Jack and June’s Pinterest curations both incorporated a similar idea: that as paradoxical as the idea of a hipster is, it is nothing new, and that perhaps paradox is why it continues to embed itself in American culture no matter the social climate.
Jack’s pin of The New Yorker cover draws on the idea that we can make parallels to certain “subcultures” (I use quotations because hipsterdom as a subculture is not necessarily accurate) from the past to the ones we see today. The dandy, of which Oscar Wilde is an example, carefully constructs his outfits and image and enjoys dressing flamboyantly, much like the modern hipster. They are both part of the educated middle-class and share aspirations of creativity and art-making.
Even before the late 19th century dandy, there was the class of urbanites living in major cities who were impoverished aspiring writers, artists, and musicians who were simultaneously revered by the bourgeois class (they paid high prices for their art and adopted their styles, Khaled p. 7) and widely mocked in popular culture. This delicate, paradoxical nature that is intrinsically related to class tensions is the one that is most important when discussing the modern hipster.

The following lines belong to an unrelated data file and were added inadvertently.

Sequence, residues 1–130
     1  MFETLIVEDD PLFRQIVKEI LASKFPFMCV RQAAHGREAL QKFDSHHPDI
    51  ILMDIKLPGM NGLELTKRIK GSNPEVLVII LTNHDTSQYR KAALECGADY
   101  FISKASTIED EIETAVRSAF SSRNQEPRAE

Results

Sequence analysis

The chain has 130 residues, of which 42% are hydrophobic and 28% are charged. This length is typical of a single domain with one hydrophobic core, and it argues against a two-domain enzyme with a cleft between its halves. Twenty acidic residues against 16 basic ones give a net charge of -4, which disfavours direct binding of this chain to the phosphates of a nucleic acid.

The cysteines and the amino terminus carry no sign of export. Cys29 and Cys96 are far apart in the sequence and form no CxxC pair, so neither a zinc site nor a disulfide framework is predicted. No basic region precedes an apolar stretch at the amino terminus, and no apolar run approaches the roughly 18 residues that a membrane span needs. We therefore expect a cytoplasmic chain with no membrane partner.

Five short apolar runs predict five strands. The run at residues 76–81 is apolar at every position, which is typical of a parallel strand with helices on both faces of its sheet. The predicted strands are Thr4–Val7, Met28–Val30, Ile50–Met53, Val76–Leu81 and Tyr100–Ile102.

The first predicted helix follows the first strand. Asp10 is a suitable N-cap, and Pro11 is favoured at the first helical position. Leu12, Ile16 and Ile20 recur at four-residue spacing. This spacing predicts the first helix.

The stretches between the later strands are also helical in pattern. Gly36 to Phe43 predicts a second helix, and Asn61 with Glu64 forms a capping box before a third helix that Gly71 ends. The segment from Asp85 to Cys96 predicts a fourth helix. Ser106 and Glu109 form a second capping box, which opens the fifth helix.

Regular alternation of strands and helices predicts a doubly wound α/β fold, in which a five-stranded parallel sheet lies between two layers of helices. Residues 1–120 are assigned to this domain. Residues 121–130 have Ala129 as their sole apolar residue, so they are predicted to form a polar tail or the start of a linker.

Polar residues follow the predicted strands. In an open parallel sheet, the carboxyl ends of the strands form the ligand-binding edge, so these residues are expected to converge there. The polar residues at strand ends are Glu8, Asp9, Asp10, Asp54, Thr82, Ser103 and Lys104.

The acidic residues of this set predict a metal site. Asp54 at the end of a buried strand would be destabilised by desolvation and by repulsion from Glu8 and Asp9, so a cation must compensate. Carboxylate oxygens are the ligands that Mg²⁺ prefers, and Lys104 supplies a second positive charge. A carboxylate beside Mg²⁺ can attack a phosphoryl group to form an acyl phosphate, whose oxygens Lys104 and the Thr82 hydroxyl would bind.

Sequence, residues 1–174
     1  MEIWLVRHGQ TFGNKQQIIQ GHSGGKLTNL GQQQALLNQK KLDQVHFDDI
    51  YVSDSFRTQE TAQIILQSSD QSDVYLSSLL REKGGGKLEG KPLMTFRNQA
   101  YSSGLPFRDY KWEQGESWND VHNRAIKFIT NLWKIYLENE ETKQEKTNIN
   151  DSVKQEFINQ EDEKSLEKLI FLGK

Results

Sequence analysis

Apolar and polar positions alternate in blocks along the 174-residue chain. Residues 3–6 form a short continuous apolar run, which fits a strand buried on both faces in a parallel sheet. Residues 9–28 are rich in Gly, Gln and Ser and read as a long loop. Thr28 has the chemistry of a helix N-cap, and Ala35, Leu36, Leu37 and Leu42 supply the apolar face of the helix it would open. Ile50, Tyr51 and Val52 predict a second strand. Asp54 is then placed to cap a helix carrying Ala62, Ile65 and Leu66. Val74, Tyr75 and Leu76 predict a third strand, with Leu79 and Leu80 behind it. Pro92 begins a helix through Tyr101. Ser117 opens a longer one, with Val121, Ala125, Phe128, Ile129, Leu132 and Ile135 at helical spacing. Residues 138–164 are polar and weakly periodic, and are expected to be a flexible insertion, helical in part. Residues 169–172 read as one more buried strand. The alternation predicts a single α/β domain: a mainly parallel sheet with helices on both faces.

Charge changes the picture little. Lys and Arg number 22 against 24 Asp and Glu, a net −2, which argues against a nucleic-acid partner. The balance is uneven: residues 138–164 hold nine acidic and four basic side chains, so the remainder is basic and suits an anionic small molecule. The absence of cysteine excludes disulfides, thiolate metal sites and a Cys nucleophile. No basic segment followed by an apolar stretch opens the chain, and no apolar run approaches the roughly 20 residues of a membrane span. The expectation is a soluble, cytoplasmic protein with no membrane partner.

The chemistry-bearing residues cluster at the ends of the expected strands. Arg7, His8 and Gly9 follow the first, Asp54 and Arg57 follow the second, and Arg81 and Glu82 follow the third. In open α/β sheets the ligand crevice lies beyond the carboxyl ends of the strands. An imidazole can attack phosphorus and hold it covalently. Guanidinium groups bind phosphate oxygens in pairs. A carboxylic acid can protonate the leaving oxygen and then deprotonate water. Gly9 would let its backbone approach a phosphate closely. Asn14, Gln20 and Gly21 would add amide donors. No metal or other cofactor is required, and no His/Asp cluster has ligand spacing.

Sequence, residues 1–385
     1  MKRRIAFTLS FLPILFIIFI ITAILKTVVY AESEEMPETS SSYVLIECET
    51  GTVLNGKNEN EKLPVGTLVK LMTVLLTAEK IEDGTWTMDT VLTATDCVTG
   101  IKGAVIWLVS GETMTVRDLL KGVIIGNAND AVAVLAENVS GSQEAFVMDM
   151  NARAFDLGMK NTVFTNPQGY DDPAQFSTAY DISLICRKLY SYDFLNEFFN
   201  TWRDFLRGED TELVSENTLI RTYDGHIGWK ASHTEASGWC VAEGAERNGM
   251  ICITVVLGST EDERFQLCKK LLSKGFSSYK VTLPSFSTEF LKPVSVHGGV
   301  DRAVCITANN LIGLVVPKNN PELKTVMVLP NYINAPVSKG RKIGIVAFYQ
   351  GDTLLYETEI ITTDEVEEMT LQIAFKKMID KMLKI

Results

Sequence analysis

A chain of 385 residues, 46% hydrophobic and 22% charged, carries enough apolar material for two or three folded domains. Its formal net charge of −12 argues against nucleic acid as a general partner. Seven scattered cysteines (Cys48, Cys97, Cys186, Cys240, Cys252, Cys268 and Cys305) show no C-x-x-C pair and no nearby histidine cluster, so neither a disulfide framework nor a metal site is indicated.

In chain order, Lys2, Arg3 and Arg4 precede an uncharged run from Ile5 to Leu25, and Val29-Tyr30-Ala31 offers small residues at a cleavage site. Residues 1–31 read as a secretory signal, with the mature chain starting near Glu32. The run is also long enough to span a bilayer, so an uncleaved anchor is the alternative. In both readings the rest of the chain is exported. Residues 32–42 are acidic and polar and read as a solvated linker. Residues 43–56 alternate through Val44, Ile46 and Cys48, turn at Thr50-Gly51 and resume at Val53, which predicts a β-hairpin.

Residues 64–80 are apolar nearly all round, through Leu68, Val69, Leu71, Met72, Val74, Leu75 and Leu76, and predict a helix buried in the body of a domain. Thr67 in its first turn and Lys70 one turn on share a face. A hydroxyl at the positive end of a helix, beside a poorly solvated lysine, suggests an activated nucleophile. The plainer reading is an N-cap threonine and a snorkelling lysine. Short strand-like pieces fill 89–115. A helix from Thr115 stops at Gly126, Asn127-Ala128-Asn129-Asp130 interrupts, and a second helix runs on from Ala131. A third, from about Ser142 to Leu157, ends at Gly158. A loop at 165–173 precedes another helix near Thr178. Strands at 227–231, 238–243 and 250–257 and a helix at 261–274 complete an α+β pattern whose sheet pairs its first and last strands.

June’s pin of the two hipster socialites does a great job showing this dynamic. Although she tells us they come from different social classes, as they stand next to each other, we would have no idea which one was which. The women are so practiced at hiding their class in favor of showcasing their taste and therefore “authenticity” (because to the hipster, authenticity means personal creativity and taste, Khaled, p. 10) that we can’t read class, which makes us uncomfortable. We’d like to know which is the “trust-fund hipster” (Greif, p. 2) because it takes on a different meaning than the idea of the typical middle-class college graduate “with too much time on their hands” (Grief, p. 3).
Since these two girls from different social classes are dressed in the same style, we think that the style must not have any political substance. In the 60s, hippies were easier to identify with certain economic and political issues. It was understood that there was something to be fought for, but our collective discomfort with hipsters is that to some people, they represent the “end of counter-culture” in favor of a “self-obsessed aesthetic vacuum.” (Khaled, p. 19) Hipster culture is a signifier of not activism but consumerism, which Jane’s pin of the “hipster kit” represents—that its so much easier to look like a hipster (because we all do) than actually explain what a hipster is.